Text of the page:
Sundown syndrome—also called sundowning or sunsetting—is a behavior common in people with Alzheimer’s disease. It describes the episodes of confusion, anxiety, agitation, or disorientation that often occur at dusk and into the evening hours. The episodes may last a few hours or throughout the night.
Suggestions for helping a loved one with sundown syndrome
Sundown syndrome can be draining for the person with Alzheimer’s disease and his or her caregivers. Some suggestions include:
- Schedule the day so that the more difficult tasks are done early in the day, when the person is less likely to become agitated.
- Watch the person’s diet and eating habits. Restrict sweets and drinks with caffeine to the morning hours. Try serving the person a late afternoon snack or an early dinner.
- To help the person relax, try decaffeinated herbal tea or warm milk.
- Keep the house or room well lit. Close the drapes before the sun goes down, so the person doesn’t watch it become dark outside.
- Try distracting the person with activities he or she enjoys. Soothing music or a favorite video may help, as well.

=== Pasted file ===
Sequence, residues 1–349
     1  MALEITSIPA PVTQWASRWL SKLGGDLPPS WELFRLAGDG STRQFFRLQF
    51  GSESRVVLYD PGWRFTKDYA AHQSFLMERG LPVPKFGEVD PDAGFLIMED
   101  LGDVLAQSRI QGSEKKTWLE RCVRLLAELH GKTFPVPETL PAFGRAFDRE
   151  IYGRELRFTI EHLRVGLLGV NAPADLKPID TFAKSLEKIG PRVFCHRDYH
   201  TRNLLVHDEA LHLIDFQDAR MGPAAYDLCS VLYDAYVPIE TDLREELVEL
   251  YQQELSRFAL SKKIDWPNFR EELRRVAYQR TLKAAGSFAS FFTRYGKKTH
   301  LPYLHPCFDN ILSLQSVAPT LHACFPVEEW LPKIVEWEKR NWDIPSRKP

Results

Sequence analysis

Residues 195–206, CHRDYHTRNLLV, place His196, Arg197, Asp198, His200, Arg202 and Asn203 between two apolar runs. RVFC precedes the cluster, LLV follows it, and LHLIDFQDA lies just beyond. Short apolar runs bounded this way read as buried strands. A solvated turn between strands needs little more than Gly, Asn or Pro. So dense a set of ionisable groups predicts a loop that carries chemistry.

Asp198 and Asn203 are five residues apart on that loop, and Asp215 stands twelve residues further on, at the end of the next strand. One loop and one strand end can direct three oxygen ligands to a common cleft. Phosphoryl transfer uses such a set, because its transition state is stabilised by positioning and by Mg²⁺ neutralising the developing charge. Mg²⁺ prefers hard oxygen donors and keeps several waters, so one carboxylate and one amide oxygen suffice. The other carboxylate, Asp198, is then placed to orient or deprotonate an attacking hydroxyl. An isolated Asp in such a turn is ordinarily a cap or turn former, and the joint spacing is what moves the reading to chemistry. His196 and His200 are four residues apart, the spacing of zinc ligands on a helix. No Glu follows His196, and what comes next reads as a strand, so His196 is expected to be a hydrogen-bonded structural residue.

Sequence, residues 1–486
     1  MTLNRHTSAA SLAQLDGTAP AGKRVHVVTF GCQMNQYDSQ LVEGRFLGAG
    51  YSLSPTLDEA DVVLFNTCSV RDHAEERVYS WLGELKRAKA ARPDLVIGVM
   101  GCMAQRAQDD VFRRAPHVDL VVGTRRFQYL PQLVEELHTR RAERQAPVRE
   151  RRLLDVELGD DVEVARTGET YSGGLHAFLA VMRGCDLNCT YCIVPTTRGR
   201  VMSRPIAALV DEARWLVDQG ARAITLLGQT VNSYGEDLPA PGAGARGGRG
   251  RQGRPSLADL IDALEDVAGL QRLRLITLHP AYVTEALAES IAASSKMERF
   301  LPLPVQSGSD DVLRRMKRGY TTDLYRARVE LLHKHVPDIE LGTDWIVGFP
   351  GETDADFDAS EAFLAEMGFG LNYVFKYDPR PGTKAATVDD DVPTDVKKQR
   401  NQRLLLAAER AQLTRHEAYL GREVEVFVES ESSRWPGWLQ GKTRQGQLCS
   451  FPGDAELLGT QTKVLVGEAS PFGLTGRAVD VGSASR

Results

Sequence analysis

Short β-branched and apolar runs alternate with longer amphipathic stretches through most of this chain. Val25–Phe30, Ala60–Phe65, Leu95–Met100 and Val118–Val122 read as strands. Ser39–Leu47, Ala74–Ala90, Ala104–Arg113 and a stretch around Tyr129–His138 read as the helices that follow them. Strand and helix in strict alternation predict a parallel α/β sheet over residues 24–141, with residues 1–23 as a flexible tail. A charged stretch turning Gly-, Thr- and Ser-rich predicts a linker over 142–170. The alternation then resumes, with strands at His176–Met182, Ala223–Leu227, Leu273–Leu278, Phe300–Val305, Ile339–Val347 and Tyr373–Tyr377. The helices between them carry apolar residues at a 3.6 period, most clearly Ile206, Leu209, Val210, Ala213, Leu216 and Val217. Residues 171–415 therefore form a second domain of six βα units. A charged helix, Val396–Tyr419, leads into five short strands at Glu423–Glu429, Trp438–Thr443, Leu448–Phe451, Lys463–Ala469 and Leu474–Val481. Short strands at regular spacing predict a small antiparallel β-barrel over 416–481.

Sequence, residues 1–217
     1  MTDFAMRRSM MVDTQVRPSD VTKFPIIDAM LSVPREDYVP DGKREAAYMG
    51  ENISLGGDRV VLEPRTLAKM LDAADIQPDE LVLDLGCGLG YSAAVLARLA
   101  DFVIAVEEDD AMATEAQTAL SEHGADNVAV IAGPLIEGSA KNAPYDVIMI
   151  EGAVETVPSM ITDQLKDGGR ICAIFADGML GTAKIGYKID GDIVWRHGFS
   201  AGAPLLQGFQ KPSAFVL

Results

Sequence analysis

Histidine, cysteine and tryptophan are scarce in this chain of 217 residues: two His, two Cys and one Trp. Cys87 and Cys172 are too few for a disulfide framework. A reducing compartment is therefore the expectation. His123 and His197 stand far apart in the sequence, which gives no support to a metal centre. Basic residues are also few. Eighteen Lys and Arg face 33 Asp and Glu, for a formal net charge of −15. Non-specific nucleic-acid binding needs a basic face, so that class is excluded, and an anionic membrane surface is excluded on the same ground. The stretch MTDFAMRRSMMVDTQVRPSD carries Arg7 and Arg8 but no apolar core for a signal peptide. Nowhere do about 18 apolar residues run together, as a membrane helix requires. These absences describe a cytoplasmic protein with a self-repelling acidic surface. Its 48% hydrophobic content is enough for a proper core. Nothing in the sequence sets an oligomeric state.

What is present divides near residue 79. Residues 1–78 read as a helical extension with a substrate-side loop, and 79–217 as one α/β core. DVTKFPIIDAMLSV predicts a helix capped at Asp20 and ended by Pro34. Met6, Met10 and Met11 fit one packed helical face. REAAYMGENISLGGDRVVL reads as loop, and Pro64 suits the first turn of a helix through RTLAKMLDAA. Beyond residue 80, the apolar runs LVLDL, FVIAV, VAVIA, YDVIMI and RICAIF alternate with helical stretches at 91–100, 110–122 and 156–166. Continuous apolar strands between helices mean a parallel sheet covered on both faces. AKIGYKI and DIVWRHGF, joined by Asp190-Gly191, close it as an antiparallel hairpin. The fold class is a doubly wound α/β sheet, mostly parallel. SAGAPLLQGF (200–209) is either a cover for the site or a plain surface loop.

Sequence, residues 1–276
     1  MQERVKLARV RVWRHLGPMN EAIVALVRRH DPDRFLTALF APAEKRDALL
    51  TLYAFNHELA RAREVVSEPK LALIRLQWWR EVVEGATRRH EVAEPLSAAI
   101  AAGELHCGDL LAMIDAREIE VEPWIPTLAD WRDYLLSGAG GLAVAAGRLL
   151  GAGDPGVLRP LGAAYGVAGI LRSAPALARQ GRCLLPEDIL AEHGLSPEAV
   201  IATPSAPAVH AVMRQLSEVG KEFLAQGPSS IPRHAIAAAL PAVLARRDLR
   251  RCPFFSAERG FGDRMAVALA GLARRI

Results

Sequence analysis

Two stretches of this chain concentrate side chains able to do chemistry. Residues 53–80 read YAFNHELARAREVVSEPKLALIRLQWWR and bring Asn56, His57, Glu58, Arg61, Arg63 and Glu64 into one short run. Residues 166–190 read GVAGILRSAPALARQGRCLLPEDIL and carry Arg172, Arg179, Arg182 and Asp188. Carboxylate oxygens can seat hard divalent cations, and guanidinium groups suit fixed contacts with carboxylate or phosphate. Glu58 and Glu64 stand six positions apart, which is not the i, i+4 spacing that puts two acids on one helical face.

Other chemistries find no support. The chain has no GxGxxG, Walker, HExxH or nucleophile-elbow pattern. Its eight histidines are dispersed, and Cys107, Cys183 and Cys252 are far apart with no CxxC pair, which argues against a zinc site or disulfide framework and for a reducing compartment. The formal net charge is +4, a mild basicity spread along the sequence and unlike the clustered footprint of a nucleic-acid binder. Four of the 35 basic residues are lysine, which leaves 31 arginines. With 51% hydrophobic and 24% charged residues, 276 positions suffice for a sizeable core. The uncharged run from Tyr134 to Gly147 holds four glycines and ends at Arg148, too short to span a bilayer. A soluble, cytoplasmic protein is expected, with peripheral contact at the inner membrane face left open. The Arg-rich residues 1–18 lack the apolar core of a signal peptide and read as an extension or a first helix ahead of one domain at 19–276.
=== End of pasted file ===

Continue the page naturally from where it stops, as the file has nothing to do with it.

- Plan more active days. A person who rests most of the day is likely to be awake at night. Discourage afternoon napping and plan activities, such as taking a walk, throughout the day.
- Seek medical advice. Physical ailments, such as bladder or incontinence problems, could be making it difficult to sleep. The doctor may also be able to prescribe medication to help the person relax at night.
- Change sleeping arrangements. Allow the person to sleep in a different bedroom, in a favorite chair or wherever it’s most comfortable. Also, keep the room partially lit to reduce agitation that occurs when surroundings are dark or unfamiliar.
While the exact cause of sundown syndrome is not known, experts believe there are several contributing factors:
- Physical and mental exhaustion (after a long day)
- An upset in the internal body clock causing a biological mix-up between day and night
- Medication that can cause agitation or confusion
- Disorientation due to the inability to separate dreams from reality when sleeping
- Less need for sleep, which is common among older adults
Once the person is awake and upset, experts suggest that caregivers:
- Approach their loved one in a calm manner
- Find out if there is something he or she needs
- Gently remind him or her of the time
- Avoid arguing or asking for explanations
- Offer reassurance that everything is all right and everyone is safe
When some extra care is needed, you can trust Atlanta Home Care Partners to provide the experience and training to help a family caregiver understand the behaviors of someone with Alzheimer’s. Let us work the night hours so a family caregiver can get a solid night of rest in order to be refreshed and ready for a new day of care.
Tips courtesy of WebMD and The Alzheimer’s Association